Now, one of the most important ideas I learned in graduate school was this: Cultural relativism is one step away from racism. Let me explain. By excusing away some particular behavior as “cultural” we are condoning/allowing it and claiming there is no room, need or ability for change. “[Insert any race/ethnicity here] men beat their wives… but it’s part of their culture. Those people only send their children to school for two years… but it’s part of their culture.” These ideas are inherently the same as blatantly racist statements like “X people are stupid.” Thankfully we do cry out when culture/religion are used to torture and kill people- as in the picture above, but this retroactive lamenting of “cultural practices” still does nothing for the women being killed for being raped.

There are fundamental human rights that every individual on the planet should have access to. In my mind those (should) include: education, healthcare, food, water, shelter, clean air, the right to vote, economic opportunity, the right to form legal bonds, and freedom of speech, movement, assembly, demonstration, physical expression, sexuality, and yes, religion. Of course age and issues of consent arise with such things as sex and voting, but these are still fundamental rights.

The debate over whether or not the government has the right to ban certain types of religious dress is a quagmire. On the one hand, the government has a duty to uphold secularism, work towards gender equality and fight religious/gender oppression, and on the other hand, the government has a duty to protect its citizens’ rights to practice their faiths. The French government has taken the stand that face coverings in public are of such significance to the government that it is justified in denying personal rights.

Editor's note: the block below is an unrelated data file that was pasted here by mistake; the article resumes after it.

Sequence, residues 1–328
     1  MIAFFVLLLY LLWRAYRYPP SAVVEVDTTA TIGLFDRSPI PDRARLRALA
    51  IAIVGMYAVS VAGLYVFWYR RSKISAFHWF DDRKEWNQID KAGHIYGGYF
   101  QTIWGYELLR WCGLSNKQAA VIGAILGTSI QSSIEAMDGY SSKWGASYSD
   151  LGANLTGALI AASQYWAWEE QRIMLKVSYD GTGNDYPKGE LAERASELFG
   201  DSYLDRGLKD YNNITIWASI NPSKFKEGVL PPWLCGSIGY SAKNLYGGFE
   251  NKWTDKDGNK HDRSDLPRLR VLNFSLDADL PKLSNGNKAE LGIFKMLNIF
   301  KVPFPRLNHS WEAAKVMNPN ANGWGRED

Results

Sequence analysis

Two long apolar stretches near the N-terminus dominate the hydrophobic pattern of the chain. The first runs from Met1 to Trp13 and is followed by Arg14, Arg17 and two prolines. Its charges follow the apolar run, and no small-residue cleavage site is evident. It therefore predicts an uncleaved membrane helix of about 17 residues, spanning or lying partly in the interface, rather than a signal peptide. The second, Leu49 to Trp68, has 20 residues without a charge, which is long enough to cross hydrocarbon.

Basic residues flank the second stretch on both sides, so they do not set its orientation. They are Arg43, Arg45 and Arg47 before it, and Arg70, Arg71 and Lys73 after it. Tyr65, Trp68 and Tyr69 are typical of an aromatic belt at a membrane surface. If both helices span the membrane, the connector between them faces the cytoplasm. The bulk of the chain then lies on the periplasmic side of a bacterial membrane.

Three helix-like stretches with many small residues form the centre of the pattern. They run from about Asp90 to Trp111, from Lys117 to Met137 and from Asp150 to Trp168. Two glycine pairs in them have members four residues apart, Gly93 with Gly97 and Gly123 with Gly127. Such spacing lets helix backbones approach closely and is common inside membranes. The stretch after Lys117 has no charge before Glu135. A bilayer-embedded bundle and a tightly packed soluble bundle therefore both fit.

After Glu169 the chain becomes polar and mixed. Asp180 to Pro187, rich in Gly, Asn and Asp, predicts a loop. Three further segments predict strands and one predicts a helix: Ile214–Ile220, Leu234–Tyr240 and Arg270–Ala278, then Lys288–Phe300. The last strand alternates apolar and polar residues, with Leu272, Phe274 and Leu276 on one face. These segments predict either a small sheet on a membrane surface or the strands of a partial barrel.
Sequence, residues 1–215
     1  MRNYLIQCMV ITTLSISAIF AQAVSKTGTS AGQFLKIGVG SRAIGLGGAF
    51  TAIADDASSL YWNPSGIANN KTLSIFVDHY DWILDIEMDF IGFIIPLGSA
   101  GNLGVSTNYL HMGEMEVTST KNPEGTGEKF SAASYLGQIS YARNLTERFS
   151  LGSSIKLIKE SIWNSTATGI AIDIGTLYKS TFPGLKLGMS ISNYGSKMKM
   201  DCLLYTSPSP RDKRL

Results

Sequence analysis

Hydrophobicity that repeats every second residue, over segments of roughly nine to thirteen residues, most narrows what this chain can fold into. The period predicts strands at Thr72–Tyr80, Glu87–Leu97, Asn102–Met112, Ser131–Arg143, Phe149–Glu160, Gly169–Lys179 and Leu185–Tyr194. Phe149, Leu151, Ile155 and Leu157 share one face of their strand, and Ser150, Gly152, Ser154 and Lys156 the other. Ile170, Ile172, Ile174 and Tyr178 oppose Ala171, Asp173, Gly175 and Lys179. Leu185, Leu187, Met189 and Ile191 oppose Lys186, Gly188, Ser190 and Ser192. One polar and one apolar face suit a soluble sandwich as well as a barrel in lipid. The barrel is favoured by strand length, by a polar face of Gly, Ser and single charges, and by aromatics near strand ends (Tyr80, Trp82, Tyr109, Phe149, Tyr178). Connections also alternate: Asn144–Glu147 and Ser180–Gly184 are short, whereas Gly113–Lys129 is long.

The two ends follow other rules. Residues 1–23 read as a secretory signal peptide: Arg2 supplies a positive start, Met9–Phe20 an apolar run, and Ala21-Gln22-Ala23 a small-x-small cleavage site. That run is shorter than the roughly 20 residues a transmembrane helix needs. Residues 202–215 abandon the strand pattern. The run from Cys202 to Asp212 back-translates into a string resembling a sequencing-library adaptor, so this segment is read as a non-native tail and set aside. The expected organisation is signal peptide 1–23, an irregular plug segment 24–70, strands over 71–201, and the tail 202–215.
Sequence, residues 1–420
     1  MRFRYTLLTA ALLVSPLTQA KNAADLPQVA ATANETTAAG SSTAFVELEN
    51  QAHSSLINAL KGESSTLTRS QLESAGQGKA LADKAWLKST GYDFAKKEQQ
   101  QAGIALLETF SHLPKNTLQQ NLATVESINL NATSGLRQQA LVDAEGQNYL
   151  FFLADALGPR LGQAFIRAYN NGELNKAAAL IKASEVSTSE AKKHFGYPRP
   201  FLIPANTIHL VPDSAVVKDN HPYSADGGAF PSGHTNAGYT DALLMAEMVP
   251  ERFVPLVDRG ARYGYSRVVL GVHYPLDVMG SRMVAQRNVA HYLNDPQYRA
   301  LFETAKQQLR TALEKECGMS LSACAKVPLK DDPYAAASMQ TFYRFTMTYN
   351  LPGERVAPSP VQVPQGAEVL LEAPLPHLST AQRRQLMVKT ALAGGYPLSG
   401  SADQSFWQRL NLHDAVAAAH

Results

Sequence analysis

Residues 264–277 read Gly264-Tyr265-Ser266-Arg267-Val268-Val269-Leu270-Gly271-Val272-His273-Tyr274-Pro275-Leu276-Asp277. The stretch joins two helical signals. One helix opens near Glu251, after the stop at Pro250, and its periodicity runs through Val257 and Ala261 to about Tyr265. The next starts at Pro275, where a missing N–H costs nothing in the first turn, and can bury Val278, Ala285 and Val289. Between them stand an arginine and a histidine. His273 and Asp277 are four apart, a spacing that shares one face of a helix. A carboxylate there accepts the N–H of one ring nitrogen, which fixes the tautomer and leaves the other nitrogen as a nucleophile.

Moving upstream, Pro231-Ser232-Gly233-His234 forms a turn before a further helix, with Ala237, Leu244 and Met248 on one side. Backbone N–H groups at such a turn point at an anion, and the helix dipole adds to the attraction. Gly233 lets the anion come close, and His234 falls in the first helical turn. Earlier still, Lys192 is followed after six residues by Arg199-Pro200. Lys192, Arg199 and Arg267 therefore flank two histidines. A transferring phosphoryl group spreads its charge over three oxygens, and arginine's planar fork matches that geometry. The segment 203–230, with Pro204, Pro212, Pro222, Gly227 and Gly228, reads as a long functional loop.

I fully appreciate the arguments that many women do not really have a choice in wearing the niqab, that the niqab disappears women and takes away their individuality, that outward expressions of religion have no place in government offices or schools, and that in the name of security one’s face should not be hidden. I also appreciate the arguments that telling women what they cannot wear is just as oppressive as telling them what they can wear, that the niqab/abaya allows women to be appreciated for what they say and not how they look, that freedom of religious expression is a fundamental human right, and that not all Muslims are terrorists!